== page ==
The following article recently appeared on the Washington Post’s website: Richard Dawkins: Atheism’s asset or liability?
We learn some of the context behind in the latest flare-up in The Atheist Wars, namely, the fights have been so mean and vicious that the leaders of the two sects tried to hash out an “agreement.”
It may go down as one of the shortest-lived peace accords on record.
Late last month, two heavy-hitters within organized atheism, activist Ophelia Benson and scientist Richard Dawkins, reached a detente of sorts about online debate and posted it on their separate websites.
“Disagreement is inevitable, but bullying and harassment are not,” the statement reads. “ If we want secularism and atheism to gain respect, we have to be able to disagree with each other without trying to destroy each other.”
Before the virtual ink was dry, Dawkins had stepped in it again.
“Date rape is bad. Stranger rape at knifepoint is worse,” Dawkins said on Twitter, where he has almost 1 million followers. “If you think that’s an endorsement of date rape, go away and learn how to think.” Another tweet applied the same logic to “mild date rape” and “violent date rape,” and still another compared “mild pedophilia” and “violent pedophilia.”
Gotta love that atheist sense of morality.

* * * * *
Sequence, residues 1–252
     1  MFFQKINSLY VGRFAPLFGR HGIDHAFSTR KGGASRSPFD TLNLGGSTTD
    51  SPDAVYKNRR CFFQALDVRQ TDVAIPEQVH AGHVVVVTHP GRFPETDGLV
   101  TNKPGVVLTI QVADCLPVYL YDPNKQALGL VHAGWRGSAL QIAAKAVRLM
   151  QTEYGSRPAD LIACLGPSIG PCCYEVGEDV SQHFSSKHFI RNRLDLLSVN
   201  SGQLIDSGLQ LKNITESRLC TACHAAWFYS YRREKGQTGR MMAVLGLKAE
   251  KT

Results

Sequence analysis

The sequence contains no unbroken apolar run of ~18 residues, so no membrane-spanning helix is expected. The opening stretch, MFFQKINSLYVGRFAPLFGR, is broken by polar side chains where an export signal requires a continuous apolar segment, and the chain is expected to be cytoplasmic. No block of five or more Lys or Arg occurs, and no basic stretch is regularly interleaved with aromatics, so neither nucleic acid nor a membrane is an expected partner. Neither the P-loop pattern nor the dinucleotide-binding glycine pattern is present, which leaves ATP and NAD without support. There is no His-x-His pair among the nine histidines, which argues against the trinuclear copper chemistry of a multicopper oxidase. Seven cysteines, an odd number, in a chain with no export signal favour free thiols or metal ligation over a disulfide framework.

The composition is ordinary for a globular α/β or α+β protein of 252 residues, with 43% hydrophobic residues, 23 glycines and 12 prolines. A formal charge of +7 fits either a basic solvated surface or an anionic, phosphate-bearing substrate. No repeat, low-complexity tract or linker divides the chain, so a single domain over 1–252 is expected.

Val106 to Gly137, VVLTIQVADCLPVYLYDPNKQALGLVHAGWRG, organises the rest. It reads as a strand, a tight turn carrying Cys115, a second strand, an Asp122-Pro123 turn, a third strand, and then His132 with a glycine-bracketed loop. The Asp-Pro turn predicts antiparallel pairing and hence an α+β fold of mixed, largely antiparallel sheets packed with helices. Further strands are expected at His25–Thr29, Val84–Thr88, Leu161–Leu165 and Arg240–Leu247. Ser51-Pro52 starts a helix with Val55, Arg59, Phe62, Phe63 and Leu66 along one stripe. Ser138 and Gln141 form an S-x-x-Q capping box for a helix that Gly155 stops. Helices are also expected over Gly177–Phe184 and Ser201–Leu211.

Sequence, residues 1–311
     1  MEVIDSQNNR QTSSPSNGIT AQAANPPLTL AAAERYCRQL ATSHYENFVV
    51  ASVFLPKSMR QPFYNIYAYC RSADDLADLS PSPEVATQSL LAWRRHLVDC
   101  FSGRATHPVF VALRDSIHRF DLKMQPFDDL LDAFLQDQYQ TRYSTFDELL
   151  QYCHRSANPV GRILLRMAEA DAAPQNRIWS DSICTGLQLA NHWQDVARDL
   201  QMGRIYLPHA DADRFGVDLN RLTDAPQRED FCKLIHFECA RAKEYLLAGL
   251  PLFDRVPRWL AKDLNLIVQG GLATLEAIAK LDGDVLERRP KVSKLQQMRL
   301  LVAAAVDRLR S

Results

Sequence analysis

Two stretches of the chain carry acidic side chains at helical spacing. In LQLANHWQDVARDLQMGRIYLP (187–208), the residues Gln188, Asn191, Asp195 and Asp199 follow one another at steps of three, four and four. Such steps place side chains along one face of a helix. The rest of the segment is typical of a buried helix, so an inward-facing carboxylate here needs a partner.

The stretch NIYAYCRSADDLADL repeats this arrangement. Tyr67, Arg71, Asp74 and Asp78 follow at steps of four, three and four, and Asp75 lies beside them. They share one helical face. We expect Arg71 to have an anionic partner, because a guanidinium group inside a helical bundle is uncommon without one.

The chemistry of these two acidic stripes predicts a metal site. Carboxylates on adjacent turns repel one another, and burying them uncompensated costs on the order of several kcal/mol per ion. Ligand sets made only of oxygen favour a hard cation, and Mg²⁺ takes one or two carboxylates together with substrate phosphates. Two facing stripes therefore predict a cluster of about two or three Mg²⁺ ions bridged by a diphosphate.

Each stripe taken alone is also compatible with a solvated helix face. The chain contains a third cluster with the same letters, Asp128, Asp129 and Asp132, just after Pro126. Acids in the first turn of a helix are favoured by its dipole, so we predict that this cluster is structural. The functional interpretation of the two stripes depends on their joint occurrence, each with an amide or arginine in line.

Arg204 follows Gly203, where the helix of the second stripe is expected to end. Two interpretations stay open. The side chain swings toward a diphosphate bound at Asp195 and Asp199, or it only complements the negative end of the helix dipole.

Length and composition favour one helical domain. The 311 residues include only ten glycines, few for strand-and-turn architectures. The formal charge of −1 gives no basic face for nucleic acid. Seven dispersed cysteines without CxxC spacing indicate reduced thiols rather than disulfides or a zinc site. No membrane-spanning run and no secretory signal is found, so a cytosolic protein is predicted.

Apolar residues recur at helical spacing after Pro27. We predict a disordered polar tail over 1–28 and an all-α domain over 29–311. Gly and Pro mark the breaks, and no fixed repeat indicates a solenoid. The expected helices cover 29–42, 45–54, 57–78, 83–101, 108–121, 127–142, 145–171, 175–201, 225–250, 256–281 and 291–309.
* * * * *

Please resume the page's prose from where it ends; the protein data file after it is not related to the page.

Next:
The article has quotes from various atheists:
But the unfortunate reality is that newspapers and other big media outlets have been making him into the major face of organized atheism — and it’s creating an image of us that turns a lot of people off.”
On the other hand, Dawkins seems to embody everything that people dislike about atheists: He is smug, condescending and emits an unpleasant disdainfulness. He doesn’t ever seem to acknowledge the good aspects of religion, only the bad. In that sense, I think he doesn’t help atheism in the PR department.
In his two or three recent Twitter combats, the most striking thing is he does not listen to anyone except his fans, no matter how reasonably things are put
“I’m a fan of Richard Dawkins. I know he means well. But damn, it’s annoying having to defend him. More importantly, I shouldn’t have to!”
Anyway, the reason I keep bringing these Atheist Wars to you attention is because they contain two important lessons:
1. It is interesting to note that atheists become annoyed and offended when Dawkins “does not listen to anyone except his fans, no matter how reasonably things are put,” yet this is the very same trait that most atheists display when dealing with religious people. Atheists think it is okay to mock and attack religious people, but when the same approach is used against another sect of atheists, suddenly we have a problem. Such primitive tribalism.
2. Atheists posture as if they champion reason, evidence, and science. But if that was true, why do the Atheist Wars even exist? Why can’t all these people, who are supposedly committed to reason, evidence, and science use reason, evidence, and science to arrive at a peaceful consensus. They have had years to do this, yet the Atheist Wars continue. All I see are two sects of atheists using reason, evidence, and science to suport their own side and attack the other side.